‘Super Stories’

With Telemundo’s median age of its viewer hovering in the mid-to-late 30s, much younger than its English-language broadcast brethren, it has become especially critical for Telemundo to find ways to reach younger Hispanics, many of whom were born in the U.S. and speak English fluently.

Historically, Spanish-language media would take some of the best programming from outside of the U.S., like Mexico, and bring it to the states. “It’s a strategy that worked pretty well for many years,” Conde says. Those typically take the form of telenovelas, love stories whose plot lines often involve a love triangle and run for one uninterrupted season of about 120 episodes.

But over the last several years, Telemundo has swapped telenovelas for what they have dubbed “Super Series,” grittier dramas with multiple seasons whose plots deal with topical issues like immigration, family and crime. These Super Series have a more film-like quality and edgier storylines with strong characters that break stereotypes, and many feature females as heroines, Conde says. Just five years ago the network was only doing these types of shows sporadically, but they have now become an overwhelming part of Telemundo’s schedule.

Telemundo has also seen some success in the 8 p.m. hour with “biomusicals,” scripted biographies of Latin music icons. And it will debut its first miniseries, a prison thriller, out of its new production studio, TIS, this summer.

Streaming video

Univision, whose programming is produced by Mexican TV company Groupo Televisa, has taken a bit longer to diversify its content. This year it did set out to modernize its telenovelas, airing fewer episodes for some, giving them a faster pace and including more complex characters than the traditional heroes and villains.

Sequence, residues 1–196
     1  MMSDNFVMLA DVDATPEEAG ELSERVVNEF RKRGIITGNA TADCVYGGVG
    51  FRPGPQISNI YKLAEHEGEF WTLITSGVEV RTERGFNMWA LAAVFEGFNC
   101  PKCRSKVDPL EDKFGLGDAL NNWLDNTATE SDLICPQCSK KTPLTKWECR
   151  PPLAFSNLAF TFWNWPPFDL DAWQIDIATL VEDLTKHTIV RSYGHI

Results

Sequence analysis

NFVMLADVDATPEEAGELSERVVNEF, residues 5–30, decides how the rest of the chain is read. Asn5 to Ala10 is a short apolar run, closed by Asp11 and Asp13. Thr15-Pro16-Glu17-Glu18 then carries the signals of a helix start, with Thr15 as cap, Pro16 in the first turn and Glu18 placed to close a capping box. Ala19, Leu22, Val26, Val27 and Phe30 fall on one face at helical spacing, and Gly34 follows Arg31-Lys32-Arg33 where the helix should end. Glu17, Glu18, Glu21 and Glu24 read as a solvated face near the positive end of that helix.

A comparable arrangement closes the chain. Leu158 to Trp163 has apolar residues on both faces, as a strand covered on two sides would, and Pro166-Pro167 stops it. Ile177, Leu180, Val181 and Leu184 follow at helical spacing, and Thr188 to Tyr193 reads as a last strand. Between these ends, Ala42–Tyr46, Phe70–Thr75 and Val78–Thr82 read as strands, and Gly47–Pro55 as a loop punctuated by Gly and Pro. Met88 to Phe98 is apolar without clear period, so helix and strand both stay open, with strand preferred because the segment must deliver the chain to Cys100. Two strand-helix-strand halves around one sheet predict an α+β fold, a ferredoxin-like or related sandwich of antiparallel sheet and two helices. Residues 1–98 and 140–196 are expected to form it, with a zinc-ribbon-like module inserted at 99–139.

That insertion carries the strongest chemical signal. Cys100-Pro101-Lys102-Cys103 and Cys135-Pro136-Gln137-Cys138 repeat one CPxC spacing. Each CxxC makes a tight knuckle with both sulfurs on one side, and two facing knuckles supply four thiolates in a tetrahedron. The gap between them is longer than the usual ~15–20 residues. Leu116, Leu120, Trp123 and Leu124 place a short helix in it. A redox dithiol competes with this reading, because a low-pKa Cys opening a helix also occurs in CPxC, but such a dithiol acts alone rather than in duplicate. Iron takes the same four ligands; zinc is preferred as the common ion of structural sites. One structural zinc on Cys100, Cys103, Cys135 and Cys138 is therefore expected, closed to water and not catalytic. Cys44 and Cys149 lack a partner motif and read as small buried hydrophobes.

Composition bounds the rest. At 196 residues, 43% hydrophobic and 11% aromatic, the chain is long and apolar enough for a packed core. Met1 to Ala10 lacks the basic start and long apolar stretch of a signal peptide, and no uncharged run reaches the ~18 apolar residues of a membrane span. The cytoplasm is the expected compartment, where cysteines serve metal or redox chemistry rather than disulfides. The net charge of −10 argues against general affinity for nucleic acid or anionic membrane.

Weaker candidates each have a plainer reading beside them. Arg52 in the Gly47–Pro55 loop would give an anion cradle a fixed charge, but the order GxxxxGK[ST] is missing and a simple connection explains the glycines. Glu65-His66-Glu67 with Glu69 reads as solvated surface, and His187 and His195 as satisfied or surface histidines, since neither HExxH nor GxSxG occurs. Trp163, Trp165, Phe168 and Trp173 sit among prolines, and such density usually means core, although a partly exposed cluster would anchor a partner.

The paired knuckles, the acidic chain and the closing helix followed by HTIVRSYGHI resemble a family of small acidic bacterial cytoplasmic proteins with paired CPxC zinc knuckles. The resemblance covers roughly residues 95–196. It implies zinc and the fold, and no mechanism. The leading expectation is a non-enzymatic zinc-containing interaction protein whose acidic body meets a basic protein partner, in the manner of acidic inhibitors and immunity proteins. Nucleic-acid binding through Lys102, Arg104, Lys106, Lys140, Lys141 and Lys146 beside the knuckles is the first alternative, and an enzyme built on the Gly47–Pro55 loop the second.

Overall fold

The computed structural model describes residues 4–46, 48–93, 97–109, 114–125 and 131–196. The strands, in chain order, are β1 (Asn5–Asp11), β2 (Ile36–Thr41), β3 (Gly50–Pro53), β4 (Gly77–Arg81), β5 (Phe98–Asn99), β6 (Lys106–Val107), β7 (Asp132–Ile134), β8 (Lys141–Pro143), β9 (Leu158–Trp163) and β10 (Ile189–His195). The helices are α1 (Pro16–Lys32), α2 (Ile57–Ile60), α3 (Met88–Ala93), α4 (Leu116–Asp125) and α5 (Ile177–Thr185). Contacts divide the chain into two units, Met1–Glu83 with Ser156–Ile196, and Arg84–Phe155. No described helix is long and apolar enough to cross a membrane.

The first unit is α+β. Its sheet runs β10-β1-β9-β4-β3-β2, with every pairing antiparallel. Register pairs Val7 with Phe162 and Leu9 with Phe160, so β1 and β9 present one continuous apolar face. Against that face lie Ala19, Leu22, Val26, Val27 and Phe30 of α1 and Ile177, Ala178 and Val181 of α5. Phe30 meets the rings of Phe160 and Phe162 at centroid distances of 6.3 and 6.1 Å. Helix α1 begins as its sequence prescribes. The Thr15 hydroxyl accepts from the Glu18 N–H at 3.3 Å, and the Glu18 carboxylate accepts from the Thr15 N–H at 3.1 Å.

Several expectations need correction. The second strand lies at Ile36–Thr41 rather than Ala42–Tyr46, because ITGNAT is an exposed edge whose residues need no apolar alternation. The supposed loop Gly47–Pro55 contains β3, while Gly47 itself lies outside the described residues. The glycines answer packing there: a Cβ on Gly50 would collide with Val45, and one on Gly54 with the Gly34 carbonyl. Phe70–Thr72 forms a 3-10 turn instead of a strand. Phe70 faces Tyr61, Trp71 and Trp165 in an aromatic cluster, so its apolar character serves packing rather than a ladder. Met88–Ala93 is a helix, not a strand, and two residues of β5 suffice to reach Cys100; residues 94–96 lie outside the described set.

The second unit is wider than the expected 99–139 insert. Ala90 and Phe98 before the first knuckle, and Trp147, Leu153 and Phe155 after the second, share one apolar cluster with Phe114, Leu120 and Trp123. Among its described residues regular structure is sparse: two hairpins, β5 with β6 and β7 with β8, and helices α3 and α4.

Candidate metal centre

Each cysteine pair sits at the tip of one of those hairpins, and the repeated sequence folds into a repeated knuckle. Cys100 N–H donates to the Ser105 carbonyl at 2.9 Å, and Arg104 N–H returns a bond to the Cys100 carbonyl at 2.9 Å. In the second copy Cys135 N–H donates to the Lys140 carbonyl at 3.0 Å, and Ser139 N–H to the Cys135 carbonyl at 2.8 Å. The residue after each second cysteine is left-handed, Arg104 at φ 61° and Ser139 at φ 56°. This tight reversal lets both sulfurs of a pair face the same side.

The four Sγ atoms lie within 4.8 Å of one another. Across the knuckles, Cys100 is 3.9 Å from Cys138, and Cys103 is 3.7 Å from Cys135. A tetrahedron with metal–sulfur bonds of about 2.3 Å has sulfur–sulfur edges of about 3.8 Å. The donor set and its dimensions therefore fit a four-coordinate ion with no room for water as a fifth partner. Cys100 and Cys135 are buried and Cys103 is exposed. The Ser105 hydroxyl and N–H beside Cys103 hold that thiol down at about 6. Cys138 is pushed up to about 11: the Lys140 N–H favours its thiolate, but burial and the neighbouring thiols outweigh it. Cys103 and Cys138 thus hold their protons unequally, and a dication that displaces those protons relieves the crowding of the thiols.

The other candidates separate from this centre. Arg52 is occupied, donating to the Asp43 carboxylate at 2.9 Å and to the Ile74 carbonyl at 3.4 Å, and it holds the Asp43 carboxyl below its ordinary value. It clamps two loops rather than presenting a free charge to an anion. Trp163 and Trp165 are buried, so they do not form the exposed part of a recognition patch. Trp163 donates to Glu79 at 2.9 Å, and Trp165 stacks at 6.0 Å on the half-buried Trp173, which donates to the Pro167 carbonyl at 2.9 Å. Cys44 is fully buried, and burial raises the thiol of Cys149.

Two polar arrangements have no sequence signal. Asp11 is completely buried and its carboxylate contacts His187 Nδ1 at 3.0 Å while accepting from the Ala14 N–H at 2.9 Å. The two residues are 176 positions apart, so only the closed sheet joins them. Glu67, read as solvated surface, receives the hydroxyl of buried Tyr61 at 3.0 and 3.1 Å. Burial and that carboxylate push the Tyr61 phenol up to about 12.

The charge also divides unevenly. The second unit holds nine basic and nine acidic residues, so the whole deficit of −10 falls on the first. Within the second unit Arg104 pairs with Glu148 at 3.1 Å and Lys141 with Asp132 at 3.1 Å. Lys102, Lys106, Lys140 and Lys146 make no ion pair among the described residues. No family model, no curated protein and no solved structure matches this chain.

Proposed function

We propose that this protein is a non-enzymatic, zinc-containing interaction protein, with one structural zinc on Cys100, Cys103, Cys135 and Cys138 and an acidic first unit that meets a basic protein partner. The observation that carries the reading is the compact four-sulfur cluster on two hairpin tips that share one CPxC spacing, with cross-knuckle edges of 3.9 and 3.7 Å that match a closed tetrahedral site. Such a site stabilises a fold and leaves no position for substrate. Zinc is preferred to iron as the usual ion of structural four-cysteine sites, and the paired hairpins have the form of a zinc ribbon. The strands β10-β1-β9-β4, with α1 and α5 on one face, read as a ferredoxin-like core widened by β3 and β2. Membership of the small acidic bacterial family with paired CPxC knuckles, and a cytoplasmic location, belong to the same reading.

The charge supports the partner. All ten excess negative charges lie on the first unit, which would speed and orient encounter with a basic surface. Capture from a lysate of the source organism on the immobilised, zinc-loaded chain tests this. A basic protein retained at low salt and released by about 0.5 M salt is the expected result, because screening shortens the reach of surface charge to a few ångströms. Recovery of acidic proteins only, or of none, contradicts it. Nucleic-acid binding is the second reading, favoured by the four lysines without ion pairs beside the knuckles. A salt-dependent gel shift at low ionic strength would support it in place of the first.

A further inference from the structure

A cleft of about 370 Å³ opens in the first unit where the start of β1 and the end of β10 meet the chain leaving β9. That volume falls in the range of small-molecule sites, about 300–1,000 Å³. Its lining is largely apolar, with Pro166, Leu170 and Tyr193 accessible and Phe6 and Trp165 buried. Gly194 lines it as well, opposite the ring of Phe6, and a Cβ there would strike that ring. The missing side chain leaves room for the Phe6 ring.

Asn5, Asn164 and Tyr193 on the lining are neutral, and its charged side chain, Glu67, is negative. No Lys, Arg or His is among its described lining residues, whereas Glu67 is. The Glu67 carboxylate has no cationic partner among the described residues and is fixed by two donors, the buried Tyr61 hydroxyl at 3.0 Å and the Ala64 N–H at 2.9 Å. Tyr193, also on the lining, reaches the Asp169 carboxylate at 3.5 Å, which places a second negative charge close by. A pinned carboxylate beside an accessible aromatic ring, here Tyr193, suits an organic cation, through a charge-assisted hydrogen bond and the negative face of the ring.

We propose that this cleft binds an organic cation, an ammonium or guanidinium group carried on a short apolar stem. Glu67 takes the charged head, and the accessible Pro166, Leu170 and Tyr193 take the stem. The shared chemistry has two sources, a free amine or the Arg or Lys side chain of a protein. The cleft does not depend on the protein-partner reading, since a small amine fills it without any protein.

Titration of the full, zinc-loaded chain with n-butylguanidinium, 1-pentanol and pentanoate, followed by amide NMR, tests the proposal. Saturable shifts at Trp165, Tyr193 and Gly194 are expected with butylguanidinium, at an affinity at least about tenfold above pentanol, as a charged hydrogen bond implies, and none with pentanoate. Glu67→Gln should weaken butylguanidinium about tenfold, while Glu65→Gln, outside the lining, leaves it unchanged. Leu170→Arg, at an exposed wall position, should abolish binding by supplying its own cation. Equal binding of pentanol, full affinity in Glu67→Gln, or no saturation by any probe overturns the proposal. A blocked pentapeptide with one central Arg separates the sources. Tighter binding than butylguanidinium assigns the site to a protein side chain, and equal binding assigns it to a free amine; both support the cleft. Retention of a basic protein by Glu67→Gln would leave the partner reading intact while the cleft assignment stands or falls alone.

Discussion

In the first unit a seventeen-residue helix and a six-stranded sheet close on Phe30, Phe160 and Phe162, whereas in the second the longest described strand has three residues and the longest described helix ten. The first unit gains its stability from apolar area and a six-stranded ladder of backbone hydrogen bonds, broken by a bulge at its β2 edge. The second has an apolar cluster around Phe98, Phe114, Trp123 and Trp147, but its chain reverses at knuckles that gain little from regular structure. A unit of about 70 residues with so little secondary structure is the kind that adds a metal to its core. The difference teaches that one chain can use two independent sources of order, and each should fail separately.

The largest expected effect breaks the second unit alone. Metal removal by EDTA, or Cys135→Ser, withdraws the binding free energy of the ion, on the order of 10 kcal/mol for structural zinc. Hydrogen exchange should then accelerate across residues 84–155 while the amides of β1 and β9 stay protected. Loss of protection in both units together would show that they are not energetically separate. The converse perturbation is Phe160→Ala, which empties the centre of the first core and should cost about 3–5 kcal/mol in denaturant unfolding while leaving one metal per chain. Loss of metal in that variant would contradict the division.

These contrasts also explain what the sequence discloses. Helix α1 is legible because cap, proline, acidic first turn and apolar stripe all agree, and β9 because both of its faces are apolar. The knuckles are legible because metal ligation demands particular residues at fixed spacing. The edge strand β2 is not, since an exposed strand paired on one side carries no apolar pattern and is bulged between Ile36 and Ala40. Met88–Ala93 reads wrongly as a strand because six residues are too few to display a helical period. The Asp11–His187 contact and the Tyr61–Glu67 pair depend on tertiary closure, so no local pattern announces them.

It has also received plenty of buzz for its drama “El Chapo,” a co-production with Netflix about the Mexican drug lord.

Univision has also introduced subscription products to attract younger Hispanic viewers who might not be signing up for traditional pay-TV packages. Telemundo doesn’t have any similar direct-to-consumer offerings coming, Conde says.

Telemundo has spent the last year working to grab an equal share of ad dollars as Univision. While there’s a smaller ratings gap between the two, Univision continues to snag a bigger piece of the overall pie, says Laura Molen, exec VP of lifestyle and Hispanic ad sales at NBCU.

During this year’s upfronts, Conde will look to emphasize the economic prowess of the Hispanic demographic and the network’s ability to “transcend language.”

The World Cup is Telemundo’s biggest focus this year. In 2011, it outbid Univision for the 2018 and 2022 Spanish-language rights in a deal worth a reported $600 million. It has sold about 80 percent of the related ad time for the 2018 tournament across all platforms, Molen says, mostly without an influx of official FIFA sponsors.

And next year, Telemundo will air the FIFA Women’s World Cup. In preparation for that, and as women’s rights take center stage amid the #MeToo and #TimesUp movements, Telemundo will feature the first-ever female sportscaster during the men’s tournament and will begin marketing the women’s Cup during the men’s competition.

Standing out

Molen and her team have been touting the ability for marketers to reach Hispanics through both Spanish and English-language content across NBCU’s portfolio of broadcast and cable networks, which include Bravo, E! and USA.

NBCU has also been investing in research through the newly formed Client Advocacy Team to help marketers better understand the Hispanic marketplace and the opportunities for their brands.

“NBC has leverage with Telemundo that Univision doesn’t,” Del Fa says, referring to NBCU’s ability to reach Hispanics through both Spanish and English-language programming within one conglomerate.

“What Univision does that sets us apart from everyone else, is that all our marketing begins with our consumer and cultural insights in order to gauge what will resonate with our viewers,” a company spokesman answers. “We know what’s important to them, what they value, and most importantly how to speak to them in-language and in-culture.”

Despit trailing Univision for decades, Molen says she wants Univision to succeed. “We are stronger together,” she says. “If a marketer is going to invest in making Spanish-language content, they don’t just want one place to put it.”